HOME BUYING GOES DIGITAL

For generations, buying a home has been the biggest purchase an average Canadian will ever make. 85 per cent of first-time buyers spend as much money as they can afford on their homes, and one-fifth pay more than they’ve planned, mostly due to fees they didn’t anticipate.

Housing is so critical that most people still trust industry experts to guide them through the buying process. Real estate agents, for example, have been consistently rated as incredibly useful throughout the process, and six in 10 buyers still feel face-to-face discussions throughout the purchase are very important.

That being said, the world is changing – and quickly. Uncertainty about buying a home has decreased – in 2015, 51 per cent of buyers felt concern about the process, but this has declined for the fourth consecutive year to a low of 37 per cent. Online research is now the most popular method of finding information about homes, with three quarters of buyers accessing property insights online. Most buyers also expect to gather mortgage information online from lenders’ websites. Then there is the appraisal process, which more than a third of first-time buyers didn’t even bother with.

The COVID19 outbreak is rapidly accelerating this process, with real estate companies quickly adopting digital strategies and alternative methods of doing business, according to McKinsey & Company. In Ontario, for example, agents have been forced to change. The Real Estate Council of Ontario (RECO) has reported that, while real estate services are still considered essential, the government prohibited open houses as of April 4, 2020. Firms now have to sell digitally if they hope to attract buyers. Moreover, the agents with the most foresight in the business may also not be migrating online as a temporary measure – many expect the industry to change permanently after things settle down.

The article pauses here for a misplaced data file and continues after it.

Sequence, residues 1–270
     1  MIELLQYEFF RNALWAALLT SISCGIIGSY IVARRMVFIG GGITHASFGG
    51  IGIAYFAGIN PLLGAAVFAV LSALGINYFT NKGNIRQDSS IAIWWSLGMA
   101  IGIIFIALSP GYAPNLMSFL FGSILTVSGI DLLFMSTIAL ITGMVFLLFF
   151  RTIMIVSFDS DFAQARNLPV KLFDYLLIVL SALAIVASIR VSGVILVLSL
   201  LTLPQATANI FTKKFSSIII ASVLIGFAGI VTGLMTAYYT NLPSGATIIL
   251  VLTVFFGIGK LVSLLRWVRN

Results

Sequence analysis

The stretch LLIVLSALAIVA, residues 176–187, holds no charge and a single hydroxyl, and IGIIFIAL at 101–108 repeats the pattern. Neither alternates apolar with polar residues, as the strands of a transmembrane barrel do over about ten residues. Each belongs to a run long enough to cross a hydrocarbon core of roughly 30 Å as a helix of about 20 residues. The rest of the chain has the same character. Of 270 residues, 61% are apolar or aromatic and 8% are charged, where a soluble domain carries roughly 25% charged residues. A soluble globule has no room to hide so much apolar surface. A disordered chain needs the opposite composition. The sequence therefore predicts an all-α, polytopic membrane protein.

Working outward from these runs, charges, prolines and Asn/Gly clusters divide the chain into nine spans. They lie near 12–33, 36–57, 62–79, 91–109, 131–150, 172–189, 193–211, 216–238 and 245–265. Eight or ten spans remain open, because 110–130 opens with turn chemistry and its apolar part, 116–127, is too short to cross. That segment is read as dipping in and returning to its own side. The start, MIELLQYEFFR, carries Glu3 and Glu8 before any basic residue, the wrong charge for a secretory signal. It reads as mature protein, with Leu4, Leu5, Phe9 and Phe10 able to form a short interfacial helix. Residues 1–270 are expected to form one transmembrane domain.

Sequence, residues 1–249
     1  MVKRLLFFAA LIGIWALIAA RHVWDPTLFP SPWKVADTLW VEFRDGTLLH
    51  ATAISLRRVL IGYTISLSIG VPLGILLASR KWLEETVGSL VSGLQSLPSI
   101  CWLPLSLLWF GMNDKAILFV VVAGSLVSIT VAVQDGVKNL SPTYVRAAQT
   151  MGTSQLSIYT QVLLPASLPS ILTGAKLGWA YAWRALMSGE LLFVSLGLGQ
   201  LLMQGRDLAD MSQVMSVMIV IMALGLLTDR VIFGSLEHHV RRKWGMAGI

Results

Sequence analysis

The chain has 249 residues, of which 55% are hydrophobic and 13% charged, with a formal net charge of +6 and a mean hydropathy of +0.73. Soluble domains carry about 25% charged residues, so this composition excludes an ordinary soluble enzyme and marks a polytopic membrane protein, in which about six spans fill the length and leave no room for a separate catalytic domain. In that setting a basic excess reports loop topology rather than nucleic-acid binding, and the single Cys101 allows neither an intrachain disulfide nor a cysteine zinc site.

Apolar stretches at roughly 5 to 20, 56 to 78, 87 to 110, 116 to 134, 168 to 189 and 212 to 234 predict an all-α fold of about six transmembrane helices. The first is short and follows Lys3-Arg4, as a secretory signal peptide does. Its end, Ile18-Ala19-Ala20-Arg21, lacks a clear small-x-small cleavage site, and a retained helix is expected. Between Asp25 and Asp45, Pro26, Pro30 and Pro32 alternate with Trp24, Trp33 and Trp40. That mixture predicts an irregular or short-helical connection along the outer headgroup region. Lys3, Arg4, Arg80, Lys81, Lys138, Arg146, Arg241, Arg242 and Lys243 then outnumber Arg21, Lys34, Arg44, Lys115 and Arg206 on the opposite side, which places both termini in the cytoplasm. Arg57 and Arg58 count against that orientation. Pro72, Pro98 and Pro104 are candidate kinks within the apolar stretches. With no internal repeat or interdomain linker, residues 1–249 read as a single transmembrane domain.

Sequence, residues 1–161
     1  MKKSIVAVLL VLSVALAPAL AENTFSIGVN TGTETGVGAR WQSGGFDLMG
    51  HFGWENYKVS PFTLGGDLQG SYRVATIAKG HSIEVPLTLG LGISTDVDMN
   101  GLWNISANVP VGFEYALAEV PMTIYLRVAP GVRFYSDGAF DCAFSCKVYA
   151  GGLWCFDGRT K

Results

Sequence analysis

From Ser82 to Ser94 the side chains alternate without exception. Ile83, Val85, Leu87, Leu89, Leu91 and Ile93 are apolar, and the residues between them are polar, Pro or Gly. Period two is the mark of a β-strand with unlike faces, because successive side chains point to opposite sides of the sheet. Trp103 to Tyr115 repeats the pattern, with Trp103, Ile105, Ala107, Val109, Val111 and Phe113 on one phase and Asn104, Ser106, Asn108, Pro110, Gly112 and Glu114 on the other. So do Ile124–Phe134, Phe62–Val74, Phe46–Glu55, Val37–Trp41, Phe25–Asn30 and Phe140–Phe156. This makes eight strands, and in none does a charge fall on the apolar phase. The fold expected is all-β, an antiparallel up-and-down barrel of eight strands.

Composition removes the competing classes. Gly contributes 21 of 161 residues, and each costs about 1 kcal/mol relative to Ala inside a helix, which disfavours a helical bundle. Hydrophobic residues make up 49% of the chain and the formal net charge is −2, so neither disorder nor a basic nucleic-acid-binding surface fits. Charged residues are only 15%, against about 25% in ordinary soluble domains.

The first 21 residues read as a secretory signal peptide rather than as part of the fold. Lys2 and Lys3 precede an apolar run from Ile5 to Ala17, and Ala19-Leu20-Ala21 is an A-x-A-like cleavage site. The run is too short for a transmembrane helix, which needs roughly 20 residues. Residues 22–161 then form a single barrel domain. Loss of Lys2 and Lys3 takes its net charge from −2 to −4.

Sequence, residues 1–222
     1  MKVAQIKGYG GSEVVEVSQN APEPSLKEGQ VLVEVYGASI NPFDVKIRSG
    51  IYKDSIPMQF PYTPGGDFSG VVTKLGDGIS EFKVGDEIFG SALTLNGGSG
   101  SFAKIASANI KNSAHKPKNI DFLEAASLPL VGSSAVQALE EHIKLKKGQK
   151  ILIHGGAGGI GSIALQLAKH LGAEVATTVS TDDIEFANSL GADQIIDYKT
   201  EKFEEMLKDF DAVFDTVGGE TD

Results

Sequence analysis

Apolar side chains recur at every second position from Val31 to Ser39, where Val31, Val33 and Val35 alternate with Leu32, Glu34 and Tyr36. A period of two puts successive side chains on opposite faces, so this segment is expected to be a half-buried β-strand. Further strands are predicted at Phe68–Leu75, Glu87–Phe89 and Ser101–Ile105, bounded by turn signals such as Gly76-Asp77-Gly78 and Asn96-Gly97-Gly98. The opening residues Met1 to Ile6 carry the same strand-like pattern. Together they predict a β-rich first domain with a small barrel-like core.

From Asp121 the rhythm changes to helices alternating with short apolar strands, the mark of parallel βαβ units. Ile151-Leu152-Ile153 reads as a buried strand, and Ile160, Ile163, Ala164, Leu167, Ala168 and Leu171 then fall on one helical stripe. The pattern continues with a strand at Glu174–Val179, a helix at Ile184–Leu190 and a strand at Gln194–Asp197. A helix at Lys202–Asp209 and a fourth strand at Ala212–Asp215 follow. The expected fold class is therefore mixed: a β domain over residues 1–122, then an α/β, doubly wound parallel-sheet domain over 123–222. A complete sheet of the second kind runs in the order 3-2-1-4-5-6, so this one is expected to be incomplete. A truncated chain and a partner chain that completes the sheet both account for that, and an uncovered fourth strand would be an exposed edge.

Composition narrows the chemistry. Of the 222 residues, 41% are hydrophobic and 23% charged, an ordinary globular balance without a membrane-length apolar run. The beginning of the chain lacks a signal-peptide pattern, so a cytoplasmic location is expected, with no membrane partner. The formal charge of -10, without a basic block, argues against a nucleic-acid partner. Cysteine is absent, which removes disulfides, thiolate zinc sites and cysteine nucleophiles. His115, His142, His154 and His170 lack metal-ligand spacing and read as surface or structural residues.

THE ORIGINS OF GNOWISE INTELLIGENT HOME VALUATION

Amir Madadi and Faraz Arbabi took note of this. Madadi, a real estate investor and experienced property-tech visionary, felt the industry was missing something when it came to the online experience. “It’s 2020,” he explained. “The world-wide web is now over a quarter of a century old. New tech giants have proven to us that digital purchases are preferred by a large group of people, and it’s not just books or videos. Financial products, vehicles, mortgages, and most importantly, homes, are now purchased on platforms such as Zensurance, Rocket Mortgage and Purple Bricks.”

Arbabi, a PhD graduate of Engineering at the University of Toronto, specializing in numerical and computational modelling, suggested something revolutionary when he met Madadi in 2015. He suggested the ultimate, customizable experience for homebuyers, a system that would consider every variable they could gather – including distance to schools, macroeconomics, capital markets, jobs, COVID-19 outbreak data and so on. While some automated home valuation models simply consider the historical trends of previous similar sales, Arbabi knew this wouldn’t be enough – markets are fickle, and can turn in the blink of an eye – but how and where people want to live is a different story. He gathered as much open data as possible, through every source he could access.